Draft of 2005.10.18 ☛ 2015.06.14
For all the years we’ve lived here, cool autumn dusk has been the Time of the Crows. They fly in thousands, in converging aerial streams, calling out their plans as they come back into town from their days in the hinterlands. They’re seeking out one another’s company and roosting in some unlucky city block or suburban wood lot, sometimes moving to a new roost when it gets too noisy or offensive or unseemly (for crows) at the current one. There they stay the night in the dark warm evergreens or over the steam tunnels on campus, and crap all over everything, and then carefully wake everybody up in the morning flying off to their day jobs, back in the hinterlands, where they can get back to the important business of baiting squirrels and picking at eyeballs.
I know they talk to one another. I’ve watched them for a long time, and I hear the dinosaur in their voices more than any of their kin. They, I’m sure, are the smirking descendants of the ones that killed all the others off: the world-enders of the last time ‘round.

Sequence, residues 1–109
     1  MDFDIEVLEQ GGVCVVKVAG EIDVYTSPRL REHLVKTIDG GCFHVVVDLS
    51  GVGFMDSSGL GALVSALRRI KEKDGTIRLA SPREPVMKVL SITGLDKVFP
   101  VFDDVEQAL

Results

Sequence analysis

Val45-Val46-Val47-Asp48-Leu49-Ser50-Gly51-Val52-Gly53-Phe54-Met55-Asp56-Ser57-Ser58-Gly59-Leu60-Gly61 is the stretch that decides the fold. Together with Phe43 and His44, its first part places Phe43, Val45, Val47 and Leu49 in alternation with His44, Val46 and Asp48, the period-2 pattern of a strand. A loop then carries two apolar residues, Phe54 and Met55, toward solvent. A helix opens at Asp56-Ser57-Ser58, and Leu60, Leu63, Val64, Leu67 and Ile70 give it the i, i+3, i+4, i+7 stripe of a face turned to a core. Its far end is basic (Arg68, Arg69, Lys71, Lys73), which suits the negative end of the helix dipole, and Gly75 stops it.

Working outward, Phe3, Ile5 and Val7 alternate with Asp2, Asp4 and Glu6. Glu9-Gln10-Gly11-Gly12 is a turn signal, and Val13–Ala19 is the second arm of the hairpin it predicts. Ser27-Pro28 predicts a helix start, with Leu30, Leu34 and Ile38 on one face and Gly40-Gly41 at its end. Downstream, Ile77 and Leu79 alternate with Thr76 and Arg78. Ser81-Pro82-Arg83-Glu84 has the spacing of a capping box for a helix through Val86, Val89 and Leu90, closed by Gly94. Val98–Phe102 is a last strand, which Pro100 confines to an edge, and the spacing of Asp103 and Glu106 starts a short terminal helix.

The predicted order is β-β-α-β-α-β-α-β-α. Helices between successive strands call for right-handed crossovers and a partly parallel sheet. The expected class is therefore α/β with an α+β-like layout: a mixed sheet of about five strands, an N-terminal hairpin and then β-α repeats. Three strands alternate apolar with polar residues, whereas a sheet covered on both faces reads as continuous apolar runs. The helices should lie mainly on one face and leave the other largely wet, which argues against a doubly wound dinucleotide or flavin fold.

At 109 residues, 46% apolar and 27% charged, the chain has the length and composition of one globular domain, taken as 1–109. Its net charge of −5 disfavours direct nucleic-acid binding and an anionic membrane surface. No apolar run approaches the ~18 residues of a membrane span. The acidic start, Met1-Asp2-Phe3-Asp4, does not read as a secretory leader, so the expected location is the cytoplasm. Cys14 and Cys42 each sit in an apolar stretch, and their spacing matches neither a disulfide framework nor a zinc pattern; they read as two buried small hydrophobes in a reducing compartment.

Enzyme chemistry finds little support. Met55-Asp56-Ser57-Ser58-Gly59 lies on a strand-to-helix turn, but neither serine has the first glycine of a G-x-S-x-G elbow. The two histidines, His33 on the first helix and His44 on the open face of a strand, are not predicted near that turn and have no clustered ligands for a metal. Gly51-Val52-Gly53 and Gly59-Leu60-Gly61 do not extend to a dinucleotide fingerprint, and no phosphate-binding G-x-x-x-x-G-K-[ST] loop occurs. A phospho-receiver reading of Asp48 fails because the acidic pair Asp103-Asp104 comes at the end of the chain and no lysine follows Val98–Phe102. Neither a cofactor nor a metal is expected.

But of course that’s just my imagination.
Tonight’s the sort of night they should be streaming across the sky. It’s chilly, but not freezing yet. Clear. Good night to find a roost in town.
I count three. I saw more than that this summer, lying dead on the lawns.
Who knows? Maybe they’ve moved off somewhere else, somewhere safer. Surely they have their folk stories of previous plagues. Maybe they’re just lurking, waiting for this West Nile Thing, or the flu they’ve heard about, to make its move and build them their next bubble economy.
I hope so.